Inotersen (IONIS-TTRRx) is an antisense agent currently being evaluated for the treatment of familial amyloid polyneuropathy (FAP). In May 2017, Ionis Pharmaceuticals, the therapy’s developer, announced positive results from an ongoing Phase 3 clinical trial, citing benefits in both disease progression and quality of life in FAP patients treated with inotersen.
How Inotersen works
People with FAP have a mutation or fault in the gene that codes for a protein called transthyretin (TTR). The mutation changes the shape of the TTR protein in a way that causes it to build up in organs and tissues. In FAP, the buildup of TTR in peripheral nerves leads to nerve damage and loss of motor function.
Inotersen belongs to a class of drugs called antisense agents, which are small strands of nucleic acids that can bind to genetic material and “turn off” their expression. In the case of FAP, inotersen can interact with RNA to block the production of both the mutant and normal forms of TTR.
Investigators hope that decreasing the production of TTR can slow or stop the nerve damage caused by TTR deposits.
Inotersen in clinical trials
The Phase 3 NEURO-TTR clinical trial (NCT01737398) is an international, randomized and placebo-controlled study to evaluate the safety and efficacy of inotersen, administered as an under-the-skin injection, for 65 weeks.. Investigators used the Neuropathy Impairment Score +7 (mNIS+7) and Norfolk Quality of Life Questionnaire-Diabetic Neuropathy (Norfolk QoL-DN) to assess changes in nerve function and quality of life, respectively.
Results announced by Ionis in May showed that, compared to FAP patients who were taking a placebo, people treated with inotersen had statistically significant benefits in both disease progression (a lesser progressive loss of nerve function) and quality of life. The benefits extended to patients regardless of disease stage or the type of genetic mutation.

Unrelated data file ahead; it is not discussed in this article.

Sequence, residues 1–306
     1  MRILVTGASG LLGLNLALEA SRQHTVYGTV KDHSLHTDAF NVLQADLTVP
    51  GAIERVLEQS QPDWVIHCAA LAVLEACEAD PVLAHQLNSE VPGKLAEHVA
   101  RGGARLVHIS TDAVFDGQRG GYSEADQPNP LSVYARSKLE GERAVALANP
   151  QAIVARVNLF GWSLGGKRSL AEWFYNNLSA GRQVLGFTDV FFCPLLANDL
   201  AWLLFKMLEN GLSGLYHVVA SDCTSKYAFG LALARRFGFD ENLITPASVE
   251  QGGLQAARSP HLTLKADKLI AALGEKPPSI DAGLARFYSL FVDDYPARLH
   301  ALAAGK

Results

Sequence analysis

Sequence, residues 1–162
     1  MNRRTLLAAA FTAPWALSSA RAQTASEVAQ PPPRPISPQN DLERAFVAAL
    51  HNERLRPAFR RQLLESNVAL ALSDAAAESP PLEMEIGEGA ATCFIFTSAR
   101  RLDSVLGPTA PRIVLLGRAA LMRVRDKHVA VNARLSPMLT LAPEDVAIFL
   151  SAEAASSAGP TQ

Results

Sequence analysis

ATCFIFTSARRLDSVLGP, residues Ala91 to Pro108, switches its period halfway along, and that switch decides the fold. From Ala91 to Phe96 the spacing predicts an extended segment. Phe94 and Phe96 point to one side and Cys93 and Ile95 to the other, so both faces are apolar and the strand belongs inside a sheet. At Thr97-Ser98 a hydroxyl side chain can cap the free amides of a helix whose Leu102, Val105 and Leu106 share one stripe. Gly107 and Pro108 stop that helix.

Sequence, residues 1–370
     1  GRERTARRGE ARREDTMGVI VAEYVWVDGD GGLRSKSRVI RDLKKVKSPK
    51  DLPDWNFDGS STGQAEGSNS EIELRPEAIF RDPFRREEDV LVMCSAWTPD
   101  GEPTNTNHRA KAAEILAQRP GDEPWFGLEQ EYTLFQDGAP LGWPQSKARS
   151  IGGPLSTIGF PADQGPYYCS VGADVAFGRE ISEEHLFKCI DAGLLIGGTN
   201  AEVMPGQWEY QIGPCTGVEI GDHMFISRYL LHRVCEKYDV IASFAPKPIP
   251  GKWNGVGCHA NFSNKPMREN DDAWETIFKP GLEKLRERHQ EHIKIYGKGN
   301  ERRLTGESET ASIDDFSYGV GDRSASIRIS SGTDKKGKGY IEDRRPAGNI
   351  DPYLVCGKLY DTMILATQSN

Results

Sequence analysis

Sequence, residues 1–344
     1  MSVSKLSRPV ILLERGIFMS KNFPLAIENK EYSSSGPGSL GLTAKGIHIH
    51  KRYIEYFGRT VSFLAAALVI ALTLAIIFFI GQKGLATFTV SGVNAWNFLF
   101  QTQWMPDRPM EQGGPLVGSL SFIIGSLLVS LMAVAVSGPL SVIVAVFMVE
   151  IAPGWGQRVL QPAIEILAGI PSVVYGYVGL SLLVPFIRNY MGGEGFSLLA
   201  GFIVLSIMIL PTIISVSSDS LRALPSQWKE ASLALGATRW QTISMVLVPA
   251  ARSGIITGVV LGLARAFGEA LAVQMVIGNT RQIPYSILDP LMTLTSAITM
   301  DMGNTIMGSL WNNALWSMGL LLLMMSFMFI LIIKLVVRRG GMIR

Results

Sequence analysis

Adverse effects observed in treated patients included low platelet levels and kidney-related issues. The long-term safety and efficacy of inotersen are now being evaluated in an open-label Phase 3 extension (NCT02175004) of the NEURO-TTR trial. Patients who participated in the earlier study are being invited to participate.
In March 2017, the U.S. Food and Drug Administration (FDA) sent a letter to a clinical trial site (an independent, investigator-sponsored trial, not part of the Ionis-sponsored study) with a warning about platelet monitoring in patients on inotersen between May and June 2016. FDA inspectors had uncovered breaks in protocol with platelet testing. Because inotersen has been associated with low platelet levels, monitoring platelet levels is important to avoid the risk of bleeding (platelets are involved in blood clotting).
Applications to regulatory agencies like the FDA, requesting approval of Inotersen as a familial amyloid polyneuropathy treatment, are now being prepared, Ionis reported in the May announcement.
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